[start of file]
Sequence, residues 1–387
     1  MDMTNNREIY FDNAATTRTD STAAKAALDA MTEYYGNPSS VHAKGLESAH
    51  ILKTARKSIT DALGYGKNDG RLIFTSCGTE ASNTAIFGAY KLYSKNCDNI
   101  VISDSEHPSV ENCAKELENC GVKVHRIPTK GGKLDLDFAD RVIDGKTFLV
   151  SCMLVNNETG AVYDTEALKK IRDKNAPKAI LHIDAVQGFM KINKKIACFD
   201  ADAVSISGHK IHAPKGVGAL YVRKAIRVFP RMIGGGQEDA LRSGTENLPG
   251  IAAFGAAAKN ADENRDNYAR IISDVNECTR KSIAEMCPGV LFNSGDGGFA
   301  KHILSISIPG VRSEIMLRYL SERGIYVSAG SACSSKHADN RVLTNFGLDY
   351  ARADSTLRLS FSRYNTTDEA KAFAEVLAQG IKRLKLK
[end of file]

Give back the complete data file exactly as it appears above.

Sequence, residues 1–387
     1  MDMTNNREIY FDNAATTRTD STAAKAALDA MTEYYGNPSS VHAKGLESAH
    51  ILKTARKSIT DALGYGKNDG RLIFTSCGTE ASNTAIFGAY KLYSKNCDNI
   101  VISDSEHPSV ENCAKELENC GVKVHRIPTK GGKLDLDFAD RVIDGKTFLV
   151  SCMLVNNETG AVYDTEALKK IRDKNAPKAI LHIDAVQGFM KINKKIACFD
   201  ADAVSISGHK IHAPKGVGAL YVRKAIRVFP RMIGGGQEDA LRSGTENLPG
   251  IAAFGAAAKN ADENRDNYAR IISDVNECTR KSIAEMCPGV LFNSGDGGFA
   301  KHILSISIPG VRSEIMLRYL SERGIYVSAG SACSSKHADN RVLTNFGLDY
   351  ARADSTLRLS FSRYNTTDEA KAFAEVLAQG IKRLKLK